Thérèse Bégin and her granddaughter Darcy Dominique Launière gather blueberries on their old ancestral territories, now the Ashuapmushuan Wildlife Reserve north of Lac Saint-Jean.
The recipe for making blueberry paste has been passed down through seven generations, originally intended to keep berries throughout the winter in birch bark containers.
Bégin, who is Innu, grew up in the area and still spends much of her time in and around the nature reserve.
Twenty-seven-year-old Launière helps her grandmother to hunt, cook and craft. She told Radio-Canada that it helps her stay connected to her heritage.
"I help out some and I'm learning pretty well also. It's important to keep the tradition and show my children," she said.
The two women don't need to make the blueberry paste — they can freeze local blueberries and eat them all year round — but it's not out of necessity that they toil.
"These are my memories of my ancestors," said Bégin. "I don't want that to be forgotten."
Bégin and Launière set up a tripod-like structure to hang the heavy metal pot and build a wood fire beneath it.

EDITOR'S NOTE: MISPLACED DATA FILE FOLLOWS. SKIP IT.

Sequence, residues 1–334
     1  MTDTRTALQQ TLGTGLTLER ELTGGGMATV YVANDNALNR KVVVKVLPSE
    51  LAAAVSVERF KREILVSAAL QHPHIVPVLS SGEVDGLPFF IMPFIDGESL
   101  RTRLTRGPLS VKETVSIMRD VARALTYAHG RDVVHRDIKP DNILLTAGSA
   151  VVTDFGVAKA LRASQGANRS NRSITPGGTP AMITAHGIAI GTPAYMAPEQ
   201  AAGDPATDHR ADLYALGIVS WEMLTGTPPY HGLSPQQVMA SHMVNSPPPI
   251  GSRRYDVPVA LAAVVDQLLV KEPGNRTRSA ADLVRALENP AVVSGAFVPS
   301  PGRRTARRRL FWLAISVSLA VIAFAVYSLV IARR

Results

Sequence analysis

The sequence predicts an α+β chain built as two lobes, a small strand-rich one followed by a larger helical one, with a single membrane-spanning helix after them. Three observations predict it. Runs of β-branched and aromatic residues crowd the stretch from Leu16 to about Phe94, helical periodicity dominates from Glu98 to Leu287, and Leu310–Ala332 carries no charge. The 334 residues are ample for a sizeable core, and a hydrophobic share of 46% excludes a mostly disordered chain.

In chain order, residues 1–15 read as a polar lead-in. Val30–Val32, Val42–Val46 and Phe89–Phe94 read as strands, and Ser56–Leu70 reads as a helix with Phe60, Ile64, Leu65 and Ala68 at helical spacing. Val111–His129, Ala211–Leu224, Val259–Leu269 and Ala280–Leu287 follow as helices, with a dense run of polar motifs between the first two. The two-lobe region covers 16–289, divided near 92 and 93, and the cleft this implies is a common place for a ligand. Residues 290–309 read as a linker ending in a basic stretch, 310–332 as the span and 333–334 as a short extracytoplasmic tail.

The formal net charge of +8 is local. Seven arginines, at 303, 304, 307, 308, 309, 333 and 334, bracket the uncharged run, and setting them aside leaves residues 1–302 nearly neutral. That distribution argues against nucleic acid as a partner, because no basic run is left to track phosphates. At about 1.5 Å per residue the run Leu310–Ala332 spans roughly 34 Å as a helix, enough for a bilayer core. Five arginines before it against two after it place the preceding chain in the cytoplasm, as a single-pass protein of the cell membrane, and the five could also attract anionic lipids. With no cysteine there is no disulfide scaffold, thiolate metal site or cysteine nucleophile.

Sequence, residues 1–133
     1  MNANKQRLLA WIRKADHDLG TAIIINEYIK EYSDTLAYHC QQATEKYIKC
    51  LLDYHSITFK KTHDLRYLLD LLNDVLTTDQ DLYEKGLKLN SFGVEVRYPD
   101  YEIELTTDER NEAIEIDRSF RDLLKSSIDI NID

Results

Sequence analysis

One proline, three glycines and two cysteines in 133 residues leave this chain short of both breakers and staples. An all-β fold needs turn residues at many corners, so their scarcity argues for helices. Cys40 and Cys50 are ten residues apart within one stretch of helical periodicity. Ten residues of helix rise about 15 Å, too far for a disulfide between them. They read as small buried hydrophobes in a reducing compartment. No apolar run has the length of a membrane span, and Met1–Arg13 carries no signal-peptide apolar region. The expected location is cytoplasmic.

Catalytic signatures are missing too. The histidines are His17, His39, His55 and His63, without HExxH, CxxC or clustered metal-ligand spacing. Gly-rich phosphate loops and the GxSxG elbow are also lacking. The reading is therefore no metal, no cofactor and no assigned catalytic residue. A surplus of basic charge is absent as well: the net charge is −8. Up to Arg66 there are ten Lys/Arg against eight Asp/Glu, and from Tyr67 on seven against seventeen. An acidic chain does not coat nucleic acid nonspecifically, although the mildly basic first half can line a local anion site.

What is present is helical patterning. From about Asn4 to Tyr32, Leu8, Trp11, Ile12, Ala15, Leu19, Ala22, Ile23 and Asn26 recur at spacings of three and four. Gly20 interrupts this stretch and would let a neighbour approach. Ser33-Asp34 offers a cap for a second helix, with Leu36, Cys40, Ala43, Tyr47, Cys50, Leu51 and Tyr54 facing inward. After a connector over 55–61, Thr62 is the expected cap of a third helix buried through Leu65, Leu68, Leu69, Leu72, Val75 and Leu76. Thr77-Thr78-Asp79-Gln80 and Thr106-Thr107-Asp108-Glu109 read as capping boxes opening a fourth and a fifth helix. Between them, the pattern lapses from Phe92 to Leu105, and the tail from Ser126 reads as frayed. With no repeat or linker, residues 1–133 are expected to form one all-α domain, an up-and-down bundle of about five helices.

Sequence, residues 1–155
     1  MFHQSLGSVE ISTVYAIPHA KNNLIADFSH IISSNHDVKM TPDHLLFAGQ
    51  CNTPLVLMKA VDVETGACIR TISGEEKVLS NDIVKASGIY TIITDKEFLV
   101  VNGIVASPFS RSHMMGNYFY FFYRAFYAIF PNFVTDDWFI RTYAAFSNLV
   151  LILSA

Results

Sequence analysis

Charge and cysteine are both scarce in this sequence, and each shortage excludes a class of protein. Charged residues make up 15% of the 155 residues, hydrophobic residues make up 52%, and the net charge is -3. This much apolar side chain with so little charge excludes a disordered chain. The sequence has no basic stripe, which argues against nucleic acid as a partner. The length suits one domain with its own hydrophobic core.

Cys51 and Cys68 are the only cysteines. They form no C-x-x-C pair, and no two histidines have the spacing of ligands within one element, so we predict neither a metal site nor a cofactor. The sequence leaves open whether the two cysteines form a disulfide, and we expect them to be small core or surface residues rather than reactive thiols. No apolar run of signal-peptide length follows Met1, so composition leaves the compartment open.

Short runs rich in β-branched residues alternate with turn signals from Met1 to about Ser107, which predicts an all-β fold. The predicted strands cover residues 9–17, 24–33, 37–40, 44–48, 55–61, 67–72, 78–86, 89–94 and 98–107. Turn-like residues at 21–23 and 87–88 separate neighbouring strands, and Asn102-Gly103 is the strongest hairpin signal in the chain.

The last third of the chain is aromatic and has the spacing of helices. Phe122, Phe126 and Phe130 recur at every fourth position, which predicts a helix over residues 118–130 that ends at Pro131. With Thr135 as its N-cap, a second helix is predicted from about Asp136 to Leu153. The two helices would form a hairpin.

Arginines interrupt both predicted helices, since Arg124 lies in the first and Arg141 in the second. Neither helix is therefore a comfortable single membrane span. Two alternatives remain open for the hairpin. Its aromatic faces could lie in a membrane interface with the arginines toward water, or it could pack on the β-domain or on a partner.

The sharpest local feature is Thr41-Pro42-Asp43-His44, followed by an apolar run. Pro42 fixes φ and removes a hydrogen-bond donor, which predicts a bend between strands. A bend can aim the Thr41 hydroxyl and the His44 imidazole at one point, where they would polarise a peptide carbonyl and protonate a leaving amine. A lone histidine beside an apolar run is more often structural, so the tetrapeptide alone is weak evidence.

The end of the blueberry season is ideal for picking since the berries have a high concentration of sugars inside. They mix the berries with a little water and stew them.
"The blueberry is pure like that. It has lots of vitamins inside, and that's why my parents didn't add sugar or anything," Bégin explained.
The process can stretch for several hours depending on how many blueberries are left to boil in the pot.
The women stir frequently to keep the paste from sticking to the bottom and burning.
While they wait, they make containers using the birch bark by rolling it into a cylinder and piercing holes at each end.
Sharpened branches are used to seal the packages for storage and small bowls are shaped to serve the paste or hold fresh blueberries during harvesting.
"I can say that I've never gone without food in the forest, never," said Bégin. "If I can pass on the things I know to people, to my community, to other communities, I can be proud of that."
Based on a report by Radio-Canada's Priscilla Plamondon-Lalancette